Somehow I doubt that the reason the experts didn't predict 2008 is because they were ignoring the internet and climate change.

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So the people teaching economics failed to understand economics-but they won't lose their jobs-instead they will be allowed to compound their error by passing it on to the next generation.

Where is the apology from the entire rancid edifice of economics that they not only failed to see disaster coming but their idiotic theories lent intellectual credibility to the people who caused that disaster?

Only Greenspan had the honesty to say in public that he got it wrong- no apology however was offered- and he is now back peddling away from this admission as fast as he can.

The real question is why anyone would choose to take on student debt to study a subject that is now totally discredited and run by an intellectual mafia that ruthlessly suppresses dissenting views.

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So the people teaching economics failed to understand economics-but they won't lose their jobs-instead they will be allowed to compound their error by passing it on to the next generation.

Where is the apology from the entire rancid edifice of economics that they not only failed to see disaster coming but their idiotic theories lent intellectual credibility to the people who caused that disaster?

Only Greenspan had the honesty to say in public that he got it wrong- no apology however was offered- and he is now back peddling away from this admission as fast as he can.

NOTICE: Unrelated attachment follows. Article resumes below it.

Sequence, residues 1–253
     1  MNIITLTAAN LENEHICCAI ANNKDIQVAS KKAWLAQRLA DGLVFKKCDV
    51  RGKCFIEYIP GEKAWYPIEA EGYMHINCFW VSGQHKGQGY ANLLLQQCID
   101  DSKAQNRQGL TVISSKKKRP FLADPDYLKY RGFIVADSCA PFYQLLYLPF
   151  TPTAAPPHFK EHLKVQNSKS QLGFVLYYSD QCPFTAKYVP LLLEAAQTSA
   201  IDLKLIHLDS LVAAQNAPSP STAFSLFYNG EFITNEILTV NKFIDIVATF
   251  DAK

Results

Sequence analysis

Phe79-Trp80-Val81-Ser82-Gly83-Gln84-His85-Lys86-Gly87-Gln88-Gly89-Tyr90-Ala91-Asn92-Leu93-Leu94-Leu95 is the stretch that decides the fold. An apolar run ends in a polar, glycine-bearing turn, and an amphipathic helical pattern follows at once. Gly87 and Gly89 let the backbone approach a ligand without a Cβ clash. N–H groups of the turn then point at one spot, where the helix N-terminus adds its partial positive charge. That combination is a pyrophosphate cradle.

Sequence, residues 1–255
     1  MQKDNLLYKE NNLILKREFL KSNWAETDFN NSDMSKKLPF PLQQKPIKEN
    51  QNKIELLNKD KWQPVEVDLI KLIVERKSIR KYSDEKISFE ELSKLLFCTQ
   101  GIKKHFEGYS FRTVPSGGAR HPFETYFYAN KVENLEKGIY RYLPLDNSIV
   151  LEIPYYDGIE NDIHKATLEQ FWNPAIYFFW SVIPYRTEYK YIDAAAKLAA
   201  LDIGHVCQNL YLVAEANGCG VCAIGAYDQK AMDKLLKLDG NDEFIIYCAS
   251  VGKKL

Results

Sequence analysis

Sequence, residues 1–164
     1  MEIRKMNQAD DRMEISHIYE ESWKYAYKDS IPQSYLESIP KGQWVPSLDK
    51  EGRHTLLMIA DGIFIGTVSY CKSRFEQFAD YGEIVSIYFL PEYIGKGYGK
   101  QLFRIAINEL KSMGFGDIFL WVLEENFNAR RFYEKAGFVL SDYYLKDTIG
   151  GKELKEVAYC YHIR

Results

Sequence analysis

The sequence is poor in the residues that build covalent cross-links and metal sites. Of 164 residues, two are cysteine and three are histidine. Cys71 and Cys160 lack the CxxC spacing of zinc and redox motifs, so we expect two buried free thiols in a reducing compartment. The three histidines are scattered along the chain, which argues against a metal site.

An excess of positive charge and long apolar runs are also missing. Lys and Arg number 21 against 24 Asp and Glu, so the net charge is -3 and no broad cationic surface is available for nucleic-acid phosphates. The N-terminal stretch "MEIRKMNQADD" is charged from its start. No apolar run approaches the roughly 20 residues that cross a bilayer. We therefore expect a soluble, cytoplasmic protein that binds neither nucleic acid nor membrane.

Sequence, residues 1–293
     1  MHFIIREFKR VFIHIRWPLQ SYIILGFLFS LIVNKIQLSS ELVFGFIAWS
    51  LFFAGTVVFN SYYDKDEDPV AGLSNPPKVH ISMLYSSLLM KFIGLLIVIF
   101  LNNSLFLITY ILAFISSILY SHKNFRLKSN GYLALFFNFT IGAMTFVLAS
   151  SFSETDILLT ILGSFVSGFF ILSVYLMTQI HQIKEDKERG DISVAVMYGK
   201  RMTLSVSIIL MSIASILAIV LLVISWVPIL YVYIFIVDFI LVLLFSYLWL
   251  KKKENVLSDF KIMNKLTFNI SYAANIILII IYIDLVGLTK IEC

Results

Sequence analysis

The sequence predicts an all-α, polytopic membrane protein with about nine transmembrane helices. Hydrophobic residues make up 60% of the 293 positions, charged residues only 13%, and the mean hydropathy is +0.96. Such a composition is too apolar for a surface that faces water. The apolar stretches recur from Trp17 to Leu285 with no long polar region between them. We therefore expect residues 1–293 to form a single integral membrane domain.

The real question is why anyone would choose to take on student debt to study a subject that is now totally discredited and run by an intellectual mafia that ruthlessly suppresses dissenting views.

Gotta love Greenie. Spent his entire career ******ing up and yet even now he's still on the make. The shamelessness of the man is absolutely breathtaking.

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Much of the syllabus is being written by academics and economic consultants on a voluntary basis with technical support from Azim Premji University in Bangalore. The course materials, plus supporting teaching materials, will be available at "no cost to participating institutions".

Why not cut out the middleman?

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The economics teachers almost entirely got it wrong (except those of the Austrian School who are in the tiny minority) but, years after the fact, they'll try to save their reputations and their jobs.

The fact they still don't get it is not at all surprising.

Simply not true. Steve Keen produced a quantitative model of the economy in which the Great Moderation and the Great Recession are different phases of the same process of debt-financed speculation. He not only forecast the crash, he diagnosed the aftermath too. No-one else even comes close. He would probably classify himself as a Keynesian.

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I can honestly say there really is no consensus on what went wrong and what is still wrong, or even whether there is something wrong.

So, it will be a partial run through at best hoping that one of those pupils will pick up the baton and make sense of it all for the economic authorities.

Even if they just started off going thru' the history of the great thinkers and their theories that would be a good start and one I'm surprised is not compulsory now rather being a t*sser expert on micro credit or something (like you know who).

Isn't the basic problem fairly well understood? Pumping credit into an unproductive speculative property bubble? Add in the incentives to take risks and the removal of the consequences of said risks via securitisation, and, Houston, there's a problem...